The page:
Gysbert van der Smissen II and probably many others immigrated to Altona, where the family continued to prosper, especially in his son Hinrich, called "founder of cities" because of his activities in construction and building in Altona. In 1678 Gysebrecht Daniel van der Schmissen (probably Gysbert Daniel) sold his farm at the Kremper Tor. The desire of the colonists to emigrate was strengthened by repeated disregard for their charter, which declared them free for all time from military burdens in the time of war; they sent several complaints and appeals to the king. (In petitions for release from these obligations, they pointed to the beautiful "liberty" in Hamburg and Altona, as a threat of emigration.) These conditions also led to differences between the "privileged" persons and the city government (president, mayor, and council), who belonged to the "unprivileged" German population. To look after their interests the several nationalities or confessions had appointed deputies; it is not known when this was begun. The deputy appointed by the Mennonites in 1685 was Daniel van der Smissen. He also represented the brotherhood in the conflict with the guild of silk and cloth dealers, who were naturally interested in limiting the free trade of nonmembers. The relations of the Mennonites with other religious groups were probably, on the whole, good; only one exception is known. In the winter of 1684-1685 the relations were disturbed by a dispute with the Reformed about the cemetery keys, for the income from the cemetery was connected with the possession of the keys. The keys had hitherto been in die possession of the deputies of the nation, who were for a long time two members of the Reformed Church. When, after the death of one of these deputies, Daniel van der Smissen was appointed co-deputy, the Reformed claimed that the keys belonged to them. The president and council sided with the Reformed, but the chancellery, to whom van der Smissen and Lambert Gerts as leader of the Mennonites appealed, decided essentially in favor of the Mennonites. (After the Mennonites died out the cemetery was left in the hands of the Reformed.)

The Mennonites in Glückstadt also took the usual Mennonite position of tolerance toward other faiths. In 1660-1661, when many English dissenters fled the Anglican reaction of Charles II and sought protection on the shores of the North Sea, Frederick III issued mandates for his entire realm, forbidding the reception of "banished Quakers or fanatics." The Mennonites were especially mentioned, and were threatened with loss of their privileges if they disregarded the mandates.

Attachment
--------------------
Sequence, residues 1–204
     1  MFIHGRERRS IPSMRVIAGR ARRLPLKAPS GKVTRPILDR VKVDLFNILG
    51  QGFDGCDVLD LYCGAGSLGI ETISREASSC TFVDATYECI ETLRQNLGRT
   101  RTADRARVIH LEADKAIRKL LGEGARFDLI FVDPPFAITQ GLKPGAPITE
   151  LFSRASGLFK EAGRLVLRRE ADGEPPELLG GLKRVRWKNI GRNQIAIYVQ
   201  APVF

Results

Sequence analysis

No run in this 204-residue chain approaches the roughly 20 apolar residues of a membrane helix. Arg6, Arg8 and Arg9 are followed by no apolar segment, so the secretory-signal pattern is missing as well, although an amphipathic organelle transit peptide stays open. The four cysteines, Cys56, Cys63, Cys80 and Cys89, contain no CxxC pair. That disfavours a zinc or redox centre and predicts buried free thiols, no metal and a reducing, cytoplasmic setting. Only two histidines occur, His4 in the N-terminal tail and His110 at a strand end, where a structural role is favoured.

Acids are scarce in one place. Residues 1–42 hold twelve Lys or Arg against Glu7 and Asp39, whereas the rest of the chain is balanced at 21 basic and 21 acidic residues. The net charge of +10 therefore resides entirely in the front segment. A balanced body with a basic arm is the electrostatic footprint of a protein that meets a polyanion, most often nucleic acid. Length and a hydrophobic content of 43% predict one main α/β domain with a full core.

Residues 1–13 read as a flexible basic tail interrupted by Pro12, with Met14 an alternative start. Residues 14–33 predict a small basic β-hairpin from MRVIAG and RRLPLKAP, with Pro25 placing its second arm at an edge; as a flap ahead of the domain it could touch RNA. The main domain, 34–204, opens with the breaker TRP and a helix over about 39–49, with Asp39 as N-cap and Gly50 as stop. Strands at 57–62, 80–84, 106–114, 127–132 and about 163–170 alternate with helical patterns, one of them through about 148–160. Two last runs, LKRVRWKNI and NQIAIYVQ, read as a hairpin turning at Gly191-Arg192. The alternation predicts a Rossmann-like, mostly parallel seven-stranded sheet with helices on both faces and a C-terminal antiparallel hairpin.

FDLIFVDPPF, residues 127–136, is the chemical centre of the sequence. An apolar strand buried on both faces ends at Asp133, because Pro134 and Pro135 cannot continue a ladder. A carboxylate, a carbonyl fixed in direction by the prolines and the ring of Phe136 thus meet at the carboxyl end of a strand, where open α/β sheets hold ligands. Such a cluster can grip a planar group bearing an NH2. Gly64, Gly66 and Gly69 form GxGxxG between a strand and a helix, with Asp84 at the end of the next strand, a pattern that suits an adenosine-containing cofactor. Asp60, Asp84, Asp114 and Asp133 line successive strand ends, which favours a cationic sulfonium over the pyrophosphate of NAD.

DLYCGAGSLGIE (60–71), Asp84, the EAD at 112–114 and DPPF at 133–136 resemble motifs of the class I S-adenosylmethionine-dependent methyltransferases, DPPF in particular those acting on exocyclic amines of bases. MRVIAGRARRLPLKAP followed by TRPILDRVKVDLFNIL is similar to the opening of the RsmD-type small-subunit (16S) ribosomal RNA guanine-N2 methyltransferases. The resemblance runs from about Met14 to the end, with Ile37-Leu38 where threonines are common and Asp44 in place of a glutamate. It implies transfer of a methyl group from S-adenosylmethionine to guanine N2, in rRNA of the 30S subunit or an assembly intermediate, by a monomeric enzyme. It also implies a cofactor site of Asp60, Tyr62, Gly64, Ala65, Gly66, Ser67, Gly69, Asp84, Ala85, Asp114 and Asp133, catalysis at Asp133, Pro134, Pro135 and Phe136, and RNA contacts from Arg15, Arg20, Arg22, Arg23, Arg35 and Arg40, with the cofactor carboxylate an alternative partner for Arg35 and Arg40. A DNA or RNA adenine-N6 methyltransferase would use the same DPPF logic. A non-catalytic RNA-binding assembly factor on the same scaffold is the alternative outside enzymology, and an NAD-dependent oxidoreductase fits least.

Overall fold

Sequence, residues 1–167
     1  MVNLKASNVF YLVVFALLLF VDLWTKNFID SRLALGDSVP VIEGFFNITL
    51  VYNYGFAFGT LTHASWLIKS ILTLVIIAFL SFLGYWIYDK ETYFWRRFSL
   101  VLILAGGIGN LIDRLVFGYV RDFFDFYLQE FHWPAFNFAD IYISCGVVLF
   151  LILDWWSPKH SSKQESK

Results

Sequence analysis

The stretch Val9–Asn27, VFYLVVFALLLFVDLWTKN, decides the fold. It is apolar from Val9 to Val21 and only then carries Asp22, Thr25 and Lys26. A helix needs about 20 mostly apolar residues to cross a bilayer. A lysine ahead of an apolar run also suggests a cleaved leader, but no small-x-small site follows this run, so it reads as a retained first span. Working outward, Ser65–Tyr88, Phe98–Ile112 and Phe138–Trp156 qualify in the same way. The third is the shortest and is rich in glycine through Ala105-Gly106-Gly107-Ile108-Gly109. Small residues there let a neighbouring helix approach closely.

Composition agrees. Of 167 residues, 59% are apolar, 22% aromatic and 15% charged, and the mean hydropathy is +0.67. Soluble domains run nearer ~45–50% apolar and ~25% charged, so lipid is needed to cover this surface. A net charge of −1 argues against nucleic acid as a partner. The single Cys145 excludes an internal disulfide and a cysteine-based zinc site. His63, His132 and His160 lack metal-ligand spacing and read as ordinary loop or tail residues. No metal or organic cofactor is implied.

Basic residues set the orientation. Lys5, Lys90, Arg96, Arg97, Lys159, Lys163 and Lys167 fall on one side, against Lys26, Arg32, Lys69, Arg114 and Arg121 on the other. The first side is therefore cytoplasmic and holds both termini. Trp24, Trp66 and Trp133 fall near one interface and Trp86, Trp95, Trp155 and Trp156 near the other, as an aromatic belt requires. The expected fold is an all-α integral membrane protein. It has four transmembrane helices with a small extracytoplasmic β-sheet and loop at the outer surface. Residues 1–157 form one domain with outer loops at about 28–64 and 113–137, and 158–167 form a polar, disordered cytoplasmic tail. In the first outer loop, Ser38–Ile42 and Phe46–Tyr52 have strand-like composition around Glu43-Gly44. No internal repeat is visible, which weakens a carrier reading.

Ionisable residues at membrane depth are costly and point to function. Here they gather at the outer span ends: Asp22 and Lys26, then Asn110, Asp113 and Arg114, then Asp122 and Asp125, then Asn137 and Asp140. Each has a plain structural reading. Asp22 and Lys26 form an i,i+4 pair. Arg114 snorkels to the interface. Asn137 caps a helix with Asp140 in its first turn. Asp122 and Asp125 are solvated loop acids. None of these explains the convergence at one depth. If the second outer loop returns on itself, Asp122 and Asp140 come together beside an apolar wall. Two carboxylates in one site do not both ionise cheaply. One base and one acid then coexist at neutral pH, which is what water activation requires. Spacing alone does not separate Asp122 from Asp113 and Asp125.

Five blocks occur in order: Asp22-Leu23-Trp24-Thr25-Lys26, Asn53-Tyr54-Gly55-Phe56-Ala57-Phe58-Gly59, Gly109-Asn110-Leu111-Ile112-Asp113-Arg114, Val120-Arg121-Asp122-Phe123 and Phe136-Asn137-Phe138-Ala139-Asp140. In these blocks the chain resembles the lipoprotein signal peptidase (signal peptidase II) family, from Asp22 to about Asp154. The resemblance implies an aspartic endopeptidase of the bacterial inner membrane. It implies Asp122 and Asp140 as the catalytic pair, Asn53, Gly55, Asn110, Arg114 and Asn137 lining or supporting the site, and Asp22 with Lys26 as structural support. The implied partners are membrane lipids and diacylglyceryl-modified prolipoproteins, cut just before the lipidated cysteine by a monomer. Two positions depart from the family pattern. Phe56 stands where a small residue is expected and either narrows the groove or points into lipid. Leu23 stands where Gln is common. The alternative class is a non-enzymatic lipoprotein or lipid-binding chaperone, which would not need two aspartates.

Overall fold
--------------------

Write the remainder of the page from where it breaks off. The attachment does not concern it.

Emigration and the dying out of families reduced the number of Mennonites more and more. About 1740 the last one died. The chapel passed into the possession of the Altona congregation; it was remodeled into a dwelling and rented out. In 1792, when royal permission was granted to sell the house, it was already quite dilapidated. Although the charter remained in force in Glückstadt, there were no more Mennonites there afterward.


Cate, Steven Blaupot ten. Geschiedenis der Doopsgezinden in Holland, Zeeland, Utrecht en Gelderland, 2 vols. Amsterdam: P.N. van Kampen, 1847: I.

Detlefsen, Detlef. "Die städtische Entwicklung Glückstadts unter König Christian IV." Zeitschrift der Gesellschaft für Schleswig-Holsteinische Geschichte 36: 196 ff.

Dollinger, Robert. Geschichte der Mennoniten in Schleswig-Holstein, Hamburg und Lübeck. Neumünster: Wachholtz, 1930.

Doopsgezinde Bijdragen (1891): 94.

Familienchronik der Familie van der Smissen. Danzig, 1875.

Hege, Christian and Christian Neff. Mennonitisches Lexikon, 4 vols. Frankfurt & Weierhof: Hege; Karlsruhe: Schneider, 1913-1967: v. II, 124-126.

Mennonitische Blätter (1858): 35 ff.

Roosen, Berend Carl. Geschichte der Mennoniten-Gemeinde zu Hamburg und Altona. Hamburg: [B.C. Roosen], 1886-1887: I-II


Map:Glückstadt (Schleswig-Holstein, Germany)

Author(s) Robert Dollinger
Date Published 1956

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Dollinger, Robert. "Glückstadt (Schleswig-Holstein, Germany)." Global Anabaptist Mennonite Encyclopedia Online. 1956. Web. 25 Jul 2024.,_Germany)&oldid=125037.

APA style

Dollinger, Robert. (1956). Glückstadt (Schleswig-Holstein, Germany). Global Anabaptist Mennonite Encyclopedia Online. Retrieved 25 July 2024, from,_Germany)&oldid=125037.


Adapted by permission of Herald Press, Harrisonburg, Virginia, from Mennonite Encyclopedia, Vol. 2, pp. 526-528. All rights reserved.